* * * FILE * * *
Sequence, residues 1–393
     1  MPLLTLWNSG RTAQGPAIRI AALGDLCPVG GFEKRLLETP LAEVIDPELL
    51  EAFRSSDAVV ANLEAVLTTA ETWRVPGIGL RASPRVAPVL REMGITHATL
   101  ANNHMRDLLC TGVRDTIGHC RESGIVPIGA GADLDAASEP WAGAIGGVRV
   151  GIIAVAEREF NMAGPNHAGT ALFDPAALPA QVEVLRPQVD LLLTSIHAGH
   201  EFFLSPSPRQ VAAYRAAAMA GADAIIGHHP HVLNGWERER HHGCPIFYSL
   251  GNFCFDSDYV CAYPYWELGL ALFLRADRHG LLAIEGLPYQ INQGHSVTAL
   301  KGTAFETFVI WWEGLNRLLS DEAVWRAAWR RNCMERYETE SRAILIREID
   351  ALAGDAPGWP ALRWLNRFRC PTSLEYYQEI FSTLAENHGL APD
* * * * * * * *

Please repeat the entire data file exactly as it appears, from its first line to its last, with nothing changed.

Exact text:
Sequence, residues 1–393
     1  MPLLTLWNSG RTAQGPAIRI AALGDLCPVG GFEKRLLETP LAEVIDPELL
    51  EAFRSSDAVV ANLEAVLTTA ETWRVPGIGL RASPRVAPVL REMGITHATL
   101  ANNHMRDLLC TGVRDTIGHC RESGIVPIGA GADLDAASEP WAGAIGGVRV
   151  GIIAVAEREF NMAGPNHAGT ALFDPAALPA QVEVLRPQVD LLLTSIHAGH
   201  EFFLSPSPRQ VAAYRAAAMA GADAIIGHHP HVLNGWERER HHGCPIFYSL
   251  GNFCFDSDYV CAYPYWELGL ALFLRADRHG LLAIEGLPYQ INQGHSVTAL
   301  KGTAFETFVI WWEGLNRLLS DEAVWRAAWR RNCMERYETE SRAILIREID
   351  ALAGDAPGWP ALRWLNRFRC PTSLEYYQEI FSTLAENHGL APD